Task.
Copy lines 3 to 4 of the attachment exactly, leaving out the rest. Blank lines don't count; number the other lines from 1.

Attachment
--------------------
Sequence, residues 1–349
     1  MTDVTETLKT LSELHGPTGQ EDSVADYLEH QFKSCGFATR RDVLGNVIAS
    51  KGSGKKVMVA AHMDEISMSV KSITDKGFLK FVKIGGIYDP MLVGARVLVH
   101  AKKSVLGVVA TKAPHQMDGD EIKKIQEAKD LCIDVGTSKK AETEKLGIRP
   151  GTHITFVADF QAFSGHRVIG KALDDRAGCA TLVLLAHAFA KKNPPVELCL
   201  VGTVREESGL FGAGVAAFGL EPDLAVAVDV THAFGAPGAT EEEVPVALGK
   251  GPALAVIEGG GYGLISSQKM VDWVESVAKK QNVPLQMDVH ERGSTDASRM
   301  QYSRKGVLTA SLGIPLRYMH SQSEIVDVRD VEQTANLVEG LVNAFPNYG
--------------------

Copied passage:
    51  KGSGKKVMVA AHMDEISMSV KSITDKGFLK FVKIGGIYDP MLVGARVLVH
   101  AKKSVLGVVA TKAPHQMDGD EIKKIQEAKD LCIDVGTSKK AETEKLGIRP